Growers in Scotland face being left at a competitive disadvantage following the Scottish government’s decision to ban genetically modified crops, say industry leaders.
The ban was announced by Scotland’s rural affairs minister Richard Lochhead.
Using new EU rules that allow individual countries to prohibit farmers from growing GM crops would protect Scotland’s “clean, green status,” he claimed.
The Scottish government will shortly submit a request that Scotland is excluded from any European consents for the cultivation of GM crops, including the MON 810 GM maize variety already approved and six other GM crops awaiting authorisation.
Making the announcement on Sunday (9 August), Mr Lochhead said: “Scotland is known round the world for our beautiful natural environment – and banning growing genetically modified crops will protect and further enhance our clean, green status.”
He added: “There is no evidence of significant demand for GM products by Scottish consumers and I am concerned that allowing GM crops to be grown in Scotland would damage our clean and green brand, thereby gambling with the future of our £14bn food and drink sector.”
The announcement was welcomed by environmental campaigners. But farm leaders said it would cause problems and extra costs for Scottish growers as they tried to compete against with other countries where GM crops are allowed.
NFU Scotland president Allan Bowie told Farmers Weekly that the union was not surprised by the ban, which delivers an SNP manifesto pledge. But he said he was disappointed that Mr Lochhead hadn’t consulted farmers or the scientific community before making the announcement.
Mr Bowie said: “We are going to have labelling issues, we are going to have cross-border issues – we are going to have a big problem in the future because I think England are going to take it on board. We could be at a competitive disadvantage.”
Scotland’s seed potato sector – worth about £100m annually – could be particularly hard hit. Mr Bowie said: “Our Scottish potato seed industry might not even have a market.
“What if the blight-resistant potato is the answer and we can’t actually take advantage of it as producers?”
Rather than banning GM crops, it would be better to educate consumers about their potential advantages, said Mr Bowie.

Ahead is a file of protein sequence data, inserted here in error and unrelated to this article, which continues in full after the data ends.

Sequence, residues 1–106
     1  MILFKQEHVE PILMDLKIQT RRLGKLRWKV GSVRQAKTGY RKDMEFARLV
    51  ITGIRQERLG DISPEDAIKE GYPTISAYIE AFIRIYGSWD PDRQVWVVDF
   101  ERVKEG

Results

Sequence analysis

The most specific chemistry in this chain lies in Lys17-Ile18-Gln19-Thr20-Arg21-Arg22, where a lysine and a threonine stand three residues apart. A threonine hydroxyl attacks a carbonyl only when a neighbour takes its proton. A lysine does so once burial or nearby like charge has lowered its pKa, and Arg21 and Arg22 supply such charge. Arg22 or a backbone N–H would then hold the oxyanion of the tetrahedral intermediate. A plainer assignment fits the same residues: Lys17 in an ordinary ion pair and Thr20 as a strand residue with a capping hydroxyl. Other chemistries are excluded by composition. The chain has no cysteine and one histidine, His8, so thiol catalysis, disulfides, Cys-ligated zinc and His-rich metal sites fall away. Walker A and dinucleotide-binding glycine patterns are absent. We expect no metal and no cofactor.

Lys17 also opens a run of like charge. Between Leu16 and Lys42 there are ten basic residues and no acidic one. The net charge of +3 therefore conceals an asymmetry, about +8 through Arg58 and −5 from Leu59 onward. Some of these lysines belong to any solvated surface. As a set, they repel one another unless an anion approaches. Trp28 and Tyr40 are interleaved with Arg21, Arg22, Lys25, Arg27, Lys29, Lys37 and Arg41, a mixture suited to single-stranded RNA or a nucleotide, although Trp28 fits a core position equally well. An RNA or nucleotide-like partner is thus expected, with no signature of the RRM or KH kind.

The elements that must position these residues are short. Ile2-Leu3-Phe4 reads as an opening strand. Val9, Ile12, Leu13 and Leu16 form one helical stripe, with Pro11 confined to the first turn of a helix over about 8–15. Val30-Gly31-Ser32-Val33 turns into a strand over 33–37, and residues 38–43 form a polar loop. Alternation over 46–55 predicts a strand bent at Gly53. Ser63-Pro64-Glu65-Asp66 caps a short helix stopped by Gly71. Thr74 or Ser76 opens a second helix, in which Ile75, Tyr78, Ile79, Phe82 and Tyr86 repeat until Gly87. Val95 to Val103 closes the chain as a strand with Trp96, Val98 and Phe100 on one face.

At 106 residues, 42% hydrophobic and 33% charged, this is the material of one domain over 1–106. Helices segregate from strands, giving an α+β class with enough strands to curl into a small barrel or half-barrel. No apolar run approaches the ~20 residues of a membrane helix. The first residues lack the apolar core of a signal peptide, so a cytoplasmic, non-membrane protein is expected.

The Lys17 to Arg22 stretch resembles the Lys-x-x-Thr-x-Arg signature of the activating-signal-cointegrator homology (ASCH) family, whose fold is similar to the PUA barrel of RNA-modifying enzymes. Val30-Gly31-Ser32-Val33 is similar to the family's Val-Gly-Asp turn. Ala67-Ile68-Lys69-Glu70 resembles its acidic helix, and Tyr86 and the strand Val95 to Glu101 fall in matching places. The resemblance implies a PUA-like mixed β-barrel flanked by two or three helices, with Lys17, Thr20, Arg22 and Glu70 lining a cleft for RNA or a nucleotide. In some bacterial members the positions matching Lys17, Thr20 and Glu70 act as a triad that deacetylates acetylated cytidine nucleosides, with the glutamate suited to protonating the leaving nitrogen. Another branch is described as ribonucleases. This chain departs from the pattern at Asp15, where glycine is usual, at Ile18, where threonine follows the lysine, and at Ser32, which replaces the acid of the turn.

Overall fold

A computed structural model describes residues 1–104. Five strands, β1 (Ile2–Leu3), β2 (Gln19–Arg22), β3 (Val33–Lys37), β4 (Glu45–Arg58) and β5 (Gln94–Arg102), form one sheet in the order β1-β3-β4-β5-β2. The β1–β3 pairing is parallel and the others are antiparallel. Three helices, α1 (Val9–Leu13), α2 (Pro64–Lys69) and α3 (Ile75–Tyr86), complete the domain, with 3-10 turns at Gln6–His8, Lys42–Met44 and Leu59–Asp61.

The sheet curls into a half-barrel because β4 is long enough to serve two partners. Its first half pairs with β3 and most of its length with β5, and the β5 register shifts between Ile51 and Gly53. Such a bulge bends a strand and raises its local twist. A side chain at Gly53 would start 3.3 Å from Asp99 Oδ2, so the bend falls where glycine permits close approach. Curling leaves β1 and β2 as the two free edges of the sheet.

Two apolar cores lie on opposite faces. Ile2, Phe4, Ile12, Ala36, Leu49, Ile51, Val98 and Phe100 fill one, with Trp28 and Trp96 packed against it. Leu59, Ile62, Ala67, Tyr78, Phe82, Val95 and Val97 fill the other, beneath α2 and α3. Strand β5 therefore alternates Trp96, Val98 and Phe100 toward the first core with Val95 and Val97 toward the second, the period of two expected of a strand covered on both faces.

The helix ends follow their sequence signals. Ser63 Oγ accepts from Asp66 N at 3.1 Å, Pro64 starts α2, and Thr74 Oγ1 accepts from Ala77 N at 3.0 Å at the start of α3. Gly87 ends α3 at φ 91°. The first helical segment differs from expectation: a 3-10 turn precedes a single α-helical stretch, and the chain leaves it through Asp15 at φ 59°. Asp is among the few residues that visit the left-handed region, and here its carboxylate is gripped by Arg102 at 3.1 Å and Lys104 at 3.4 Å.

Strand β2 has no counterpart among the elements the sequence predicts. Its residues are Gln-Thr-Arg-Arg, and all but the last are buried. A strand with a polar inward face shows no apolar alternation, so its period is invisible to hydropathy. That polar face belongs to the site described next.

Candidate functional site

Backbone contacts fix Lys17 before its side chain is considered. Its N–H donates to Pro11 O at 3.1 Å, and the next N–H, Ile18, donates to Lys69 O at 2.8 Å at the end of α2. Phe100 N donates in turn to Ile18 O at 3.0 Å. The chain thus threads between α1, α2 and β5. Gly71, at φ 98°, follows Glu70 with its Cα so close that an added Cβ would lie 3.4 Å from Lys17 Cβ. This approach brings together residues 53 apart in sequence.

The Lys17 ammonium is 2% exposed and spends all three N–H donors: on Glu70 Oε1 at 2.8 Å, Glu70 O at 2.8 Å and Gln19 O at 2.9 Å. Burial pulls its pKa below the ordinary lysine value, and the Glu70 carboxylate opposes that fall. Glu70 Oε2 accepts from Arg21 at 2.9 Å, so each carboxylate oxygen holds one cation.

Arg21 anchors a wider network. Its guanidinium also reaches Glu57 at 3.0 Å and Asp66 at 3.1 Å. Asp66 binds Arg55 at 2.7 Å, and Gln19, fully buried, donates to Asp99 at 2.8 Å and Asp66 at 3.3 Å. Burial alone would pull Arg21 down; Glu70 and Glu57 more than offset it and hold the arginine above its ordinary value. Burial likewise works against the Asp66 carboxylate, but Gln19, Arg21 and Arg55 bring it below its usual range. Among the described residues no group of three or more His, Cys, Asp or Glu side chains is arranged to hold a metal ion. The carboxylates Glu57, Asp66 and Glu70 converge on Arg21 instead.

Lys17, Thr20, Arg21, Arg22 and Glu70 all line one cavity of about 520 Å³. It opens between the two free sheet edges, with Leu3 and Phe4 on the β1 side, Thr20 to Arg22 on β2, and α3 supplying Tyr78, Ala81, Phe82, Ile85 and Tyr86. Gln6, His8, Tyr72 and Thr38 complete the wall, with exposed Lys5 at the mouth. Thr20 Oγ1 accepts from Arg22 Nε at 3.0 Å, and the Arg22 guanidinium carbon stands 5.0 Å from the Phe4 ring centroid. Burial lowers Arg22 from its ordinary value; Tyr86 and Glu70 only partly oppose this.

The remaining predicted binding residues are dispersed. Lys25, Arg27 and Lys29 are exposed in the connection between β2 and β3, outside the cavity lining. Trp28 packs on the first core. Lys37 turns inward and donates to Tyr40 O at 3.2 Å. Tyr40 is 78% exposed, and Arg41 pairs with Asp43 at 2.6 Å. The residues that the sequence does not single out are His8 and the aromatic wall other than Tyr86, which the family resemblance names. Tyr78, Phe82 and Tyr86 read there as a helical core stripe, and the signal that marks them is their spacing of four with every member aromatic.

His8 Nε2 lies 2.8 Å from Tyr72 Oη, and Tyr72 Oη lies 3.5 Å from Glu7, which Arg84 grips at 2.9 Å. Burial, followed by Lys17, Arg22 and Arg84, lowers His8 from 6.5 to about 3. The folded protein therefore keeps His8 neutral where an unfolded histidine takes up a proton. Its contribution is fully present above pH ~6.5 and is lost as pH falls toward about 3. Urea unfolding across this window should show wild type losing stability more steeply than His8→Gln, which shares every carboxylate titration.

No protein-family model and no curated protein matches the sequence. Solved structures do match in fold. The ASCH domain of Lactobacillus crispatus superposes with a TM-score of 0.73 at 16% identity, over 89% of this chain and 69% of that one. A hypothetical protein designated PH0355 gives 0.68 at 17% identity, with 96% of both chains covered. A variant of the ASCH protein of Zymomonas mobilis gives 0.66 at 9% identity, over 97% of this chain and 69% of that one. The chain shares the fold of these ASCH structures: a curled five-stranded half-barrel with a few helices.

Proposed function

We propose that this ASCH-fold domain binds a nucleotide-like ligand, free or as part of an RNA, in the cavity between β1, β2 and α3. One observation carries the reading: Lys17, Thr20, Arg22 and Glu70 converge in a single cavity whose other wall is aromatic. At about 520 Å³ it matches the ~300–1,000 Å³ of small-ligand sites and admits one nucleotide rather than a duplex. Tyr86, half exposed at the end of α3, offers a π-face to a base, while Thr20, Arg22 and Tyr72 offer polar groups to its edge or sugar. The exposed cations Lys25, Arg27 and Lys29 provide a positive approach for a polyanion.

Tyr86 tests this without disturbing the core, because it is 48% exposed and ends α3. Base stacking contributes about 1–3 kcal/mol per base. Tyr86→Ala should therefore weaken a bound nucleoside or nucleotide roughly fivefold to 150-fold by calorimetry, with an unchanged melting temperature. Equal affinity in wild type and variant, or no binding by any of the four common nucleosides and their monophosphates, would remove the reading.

GM crops could help growers reduce pesticide and herbicide applications while producing quality crops, he said.
“Biotech is understood in medicine and we are treating people because we have been clever with the science.
“I think genetics within plants has to be clever. This is just one tool, but again we need consumers to understand why it is being done – they understand it with medicine.
“We need to understand that in food it is not a gamble either. It is safe – there is a UK directorate that looks after it and makes sure it is safe – and there is no way that I as a farmer that I would put anything in the soil that wasn’t safe. I would need that total reassurance.”
But Mr Lochhead said there was no appetite among consumers for GM crops. “The Scottish government has long-standing concerns about GM crops – concerns that are shared by other European countries and consumers, and which should not be dismissed lightly,” he said.
Scottish food and drink was valued for its natural, high quality, which often attracted a premium price, said Mr Lochhead. “I have heard directly from food and drink producers in other countries that are ditching GM because of a consumer backlash,” he added.
“That is why I strongly support the continued application of the precautionary principle in relation to GM crops and intend to take full advantage of the flexibility allowed under these new EU rules to ban GM crops from being grown in Scotland.
“I firmly believe GM policy in Scotland should be guided by what’s best for our economy and our own agricultural sector rather than the priorities of others.
“I recently kicked off a national discussion on the future of Scottish agriculture, and welcome views from all sides of the GM debate.”